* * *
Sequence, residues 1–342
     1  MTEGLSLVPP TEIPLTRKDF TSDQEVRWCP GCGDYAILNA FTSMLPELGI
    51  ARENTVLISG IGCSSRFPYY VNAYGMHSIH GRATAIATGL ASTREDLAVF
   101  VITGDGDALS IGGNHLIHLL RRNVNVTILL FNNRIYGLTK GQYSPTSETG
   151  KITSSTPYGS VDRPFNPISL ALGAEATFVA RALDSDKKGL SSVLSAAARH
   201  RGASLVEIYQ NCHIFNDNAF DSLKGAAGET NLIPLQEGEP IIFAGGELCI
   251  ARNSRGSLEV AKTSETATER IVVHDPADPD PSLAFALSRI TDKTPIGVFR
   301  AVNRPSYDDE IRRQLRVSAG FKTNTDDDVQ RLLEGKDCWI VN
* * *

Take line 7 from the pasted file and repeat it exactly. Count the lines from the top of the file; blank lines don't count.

   251  ARNSRGSLEV AKTSETATER IVVHDPADPD PSLAFALSRI TDKTPIGVFR